“In the face of negativity, one should cultivate the opposite view.” ~ Patanjali, Yoga Sutras
Lately, I have found much peace in cultivating the opposite.
When I’m in the midst of fear, anger or sadness, my tendency is to think that the feeling will last forever. I either embark upon a huge self-improvement project to become a more loving and happy person, or I wallow in self-pity about how my 10 years of mindfulness practice have done nothing to improve my neurotic state.
Either way, I resist, in fear that the negativity will engulf me and take over as my shameful evil twin.
There is a new alternative that has been giving me much comfort lately, and that is allowing the negative emotion to surface, while at the same time, giving some room for its opposite. This can work with the emotion itself, as well as with the belief that it holds.
This strategy involves welcoming the negative thoughts / emotions, but also allowing in the opposite thought or emotion. This is different from both positive affirmations (which sometimes cause repression of the negative), and also different from straight-up mindfulness (noticing and accepting the negative emotion, which can sometimes be counterproductive when dealing with depression / anxiety).
Here’s an example:
Just the other day, I was having some negative thoughts about a particular person. I find her quite frustrating at times, and I was feeling angry and annoyed. I took a moment to open to the thoughts and feelings of anger and annoyance, but I also made room for some forgiveness and acceptance of her as she is.
These positives were very small, but they were there somewhere, and I was able to cultivate a small sense of opening and grace toward her even while I was still angry and annoyed!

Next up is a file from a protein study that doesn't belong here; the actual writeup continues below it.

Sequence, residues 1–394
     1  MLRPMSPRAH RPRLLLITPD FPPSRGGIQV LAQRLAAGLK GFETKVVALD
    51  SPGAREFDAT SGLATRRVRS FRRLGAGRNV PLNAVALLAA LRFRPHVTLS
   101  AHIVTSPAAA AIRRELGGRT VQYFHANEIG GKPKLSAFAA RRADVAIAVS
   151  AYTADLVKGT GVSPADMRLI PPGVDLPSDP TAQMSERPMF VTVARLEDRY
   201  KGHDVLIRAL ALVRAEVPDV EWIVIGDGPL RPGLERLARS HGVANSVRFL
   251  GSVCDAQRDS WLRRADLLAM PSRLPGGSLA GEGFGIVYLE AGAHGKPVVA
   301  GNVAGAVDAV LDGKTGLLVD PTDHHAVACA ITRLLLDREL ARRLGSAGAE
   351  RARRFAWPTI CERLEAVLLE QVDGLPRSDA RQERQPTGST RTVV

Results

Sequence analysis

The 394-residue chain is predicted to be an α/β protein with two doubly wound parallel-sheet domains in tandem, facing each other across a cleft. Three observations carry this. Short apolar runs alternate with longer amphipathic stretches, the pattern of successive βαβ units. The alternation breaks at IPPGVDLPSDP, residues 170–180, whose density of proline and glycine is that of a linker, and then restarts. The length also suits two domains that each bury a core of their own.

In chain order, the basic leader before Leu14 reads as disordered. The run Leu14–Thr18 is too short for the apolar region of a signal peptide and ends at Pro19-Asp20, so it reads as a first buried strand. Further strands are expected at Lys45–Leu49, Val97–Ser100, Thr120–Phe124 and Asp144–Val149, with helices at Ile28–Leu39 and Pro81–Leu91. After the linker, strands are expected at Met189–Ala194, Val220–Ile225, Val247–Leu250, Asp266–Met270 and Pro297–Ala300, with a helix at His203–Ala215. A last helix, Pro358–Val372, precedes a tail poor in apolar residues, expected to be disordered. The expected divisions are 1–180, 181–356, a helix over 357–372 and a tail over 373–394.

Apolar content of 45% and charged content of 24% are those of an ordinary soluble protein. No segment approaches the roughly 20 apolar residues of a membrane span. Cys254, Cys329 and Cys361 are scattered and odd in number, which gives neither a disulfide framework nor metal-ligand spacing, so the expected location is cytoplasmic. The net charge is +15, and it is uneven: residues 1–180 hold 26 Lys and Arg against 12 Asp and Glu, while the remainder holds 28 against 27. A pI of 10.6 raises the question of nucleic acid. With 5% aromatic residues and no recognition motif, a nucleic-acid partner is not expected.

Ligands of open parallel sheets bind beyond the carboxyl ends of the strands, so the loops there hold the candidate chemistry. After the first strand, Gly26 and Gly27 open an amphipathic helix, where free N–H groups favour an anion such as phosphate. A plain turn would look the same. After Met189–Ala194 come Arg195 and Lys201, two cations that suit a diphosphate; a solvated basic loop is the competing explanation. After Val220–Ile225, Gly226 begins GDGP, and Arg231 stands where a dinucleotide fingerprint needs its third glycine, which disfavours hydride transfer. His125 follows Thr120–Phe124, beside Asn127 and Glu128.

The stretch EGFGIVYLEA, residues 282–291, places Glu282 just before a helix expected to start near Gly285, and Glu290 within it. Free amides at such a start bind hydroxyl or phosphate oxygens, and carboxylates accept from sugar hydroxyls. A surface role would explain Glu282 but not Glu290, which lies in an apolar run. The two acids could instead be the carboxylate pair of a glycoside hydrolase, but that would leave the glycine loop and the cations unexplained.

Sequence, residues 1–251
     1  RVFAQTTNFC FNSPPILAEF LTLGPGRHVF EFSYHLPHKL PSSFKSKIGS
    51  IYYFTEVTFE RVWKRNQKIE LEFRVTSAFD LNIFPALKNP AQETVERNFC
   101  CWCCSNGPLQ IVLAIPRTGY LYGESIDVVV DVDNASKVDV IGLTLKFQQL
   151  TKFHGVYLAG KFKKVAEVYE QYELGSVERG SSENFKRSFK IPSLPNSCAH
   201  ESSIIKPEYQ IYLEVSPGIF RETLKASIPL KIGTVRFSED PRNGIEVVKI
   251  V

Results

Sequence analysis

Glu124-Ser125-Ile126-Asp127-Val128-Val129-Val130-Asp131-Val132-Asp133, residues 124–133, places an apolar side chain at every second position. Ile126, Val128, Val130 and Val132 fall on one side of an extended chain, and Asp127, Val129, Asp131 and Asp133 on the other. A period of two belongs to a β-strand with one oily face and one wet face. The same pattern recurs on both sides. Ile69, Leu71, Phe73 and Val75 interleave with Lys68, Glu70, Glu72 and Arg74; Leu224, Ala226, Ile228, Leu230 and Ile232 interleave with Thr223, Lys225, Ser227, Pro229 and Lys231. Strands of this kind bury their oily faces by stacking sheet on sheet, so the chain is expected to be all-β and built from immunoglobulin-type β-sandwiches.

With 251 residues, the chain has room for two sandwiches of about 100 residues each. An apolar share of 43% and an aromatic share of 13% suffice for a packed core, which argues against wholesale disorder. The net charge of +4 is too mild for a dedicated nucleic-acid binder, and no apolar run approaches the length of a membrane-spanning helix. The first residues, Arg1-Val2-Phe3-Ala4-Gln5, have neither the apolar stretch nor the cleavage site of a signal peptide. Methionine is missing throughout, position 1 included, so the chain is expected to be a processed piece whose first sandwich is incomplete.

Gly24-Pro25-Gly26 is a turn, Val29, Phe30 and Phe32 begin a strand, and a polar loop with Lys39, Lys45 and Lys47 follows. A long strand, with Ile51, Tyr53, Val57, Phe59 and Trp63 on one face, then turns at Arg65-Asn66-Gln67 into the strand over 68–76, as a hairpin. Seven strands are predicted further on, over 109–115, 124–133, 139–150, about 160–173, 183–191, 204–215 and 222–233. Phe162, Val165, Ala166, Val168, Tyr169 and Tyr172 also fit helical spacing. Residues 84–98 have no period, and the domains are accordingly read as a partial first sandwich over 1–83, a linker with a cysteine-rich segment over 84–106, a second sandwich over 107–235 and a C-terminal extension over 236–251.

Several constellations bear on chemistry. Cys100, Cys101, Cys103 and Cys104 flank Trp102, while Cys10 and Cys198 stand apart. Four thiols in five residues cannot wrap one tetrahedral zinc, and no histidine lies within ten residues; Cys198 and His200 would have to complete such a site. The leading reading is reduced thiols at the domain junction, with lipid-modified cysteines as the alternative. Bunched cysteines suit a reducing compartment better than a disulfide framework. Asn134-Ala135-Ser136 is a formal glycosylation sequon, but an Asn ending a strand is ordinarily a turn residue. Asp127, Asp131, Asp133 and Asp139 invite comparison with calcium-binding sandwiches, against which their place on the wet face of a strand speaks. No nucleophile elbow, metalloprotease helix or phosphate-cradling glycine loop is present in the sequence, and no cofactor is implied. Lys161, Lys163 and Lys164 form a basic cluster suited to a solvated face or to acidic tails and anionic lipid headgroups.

Another recent example:
I was feeling guilty for not doing enough for a friend, and I asked myself, what is the opposite of guilt? In this case, it was self-confidence that I was already doing a lot to nourish our relationship. This eased some of the guilt as I realized that it came from trying to please and fix him, rather than from being authentic to myself.
Here is what it looks like in action:
I feel tired and resentful that nobody is helping me with the dishes. I am angry. Why is nobody helping me? Does nobody notice that I do the dishes all the time? Is this really all my life has come down to, doing the dishes over and over again?
Why do we even bother doing the dishes, we just keep getting them dirty! This is insane!
Life is really quite pointless, all I ever do is dishes.
Note: anger in the body. Tension in neck and shoulders. Hunching in the belly.
Belief: I am worthless because I only do dishes. Nobody loves me because they don’t help me with the dishes.
I am worthless and alone.
Then I wonder what the opposite would be to this anger? Can I make a tiny bit of room for compassion?
Can I acknowledge myself for taking care of my family by doing the dishes?
What would compassion look like in the body? Can I open my chest up and relax my shoulders? Can I relax the belly, even a little bit?
If I feel I am worthless and alone, can I also feel that I am worthy and loved? If so, what would that look like? Could I ask somebody for help with the dishes, or take a break to do something nourishing and come back to it later?
Suddenly, the disaster that was doing the dishes can even become an act of self-love. I have profound choice in what I do, how I communicate to myself and others, and the meaning I give to my actions. I am free.
I have found in using this technique, the opposite emotion or belief is not always clear, and not always the same. Yet when I remember to open up to even the possibility that there is an opposite, and that the opposite is available to me at any moment, I am no longer stuck.
Ultimately, cultivating the opposite can bring us to a place that is much bigger than the emotion or belief that is bothering us.
Negative emotions can often make us feel powerless. When we are brave enough to let them in,
while also allowing for their opposites to shine through, we recognize that we are capable of responding to any situation that life may present.
Slowly, we begin to gain a sense of mastery over our lives, and recognize that not only are we not powerless, we are powerful beyond measure.
Author: Paula Vital
Editor: Renée Picard
Photo: Anais Gómez-C at Flickr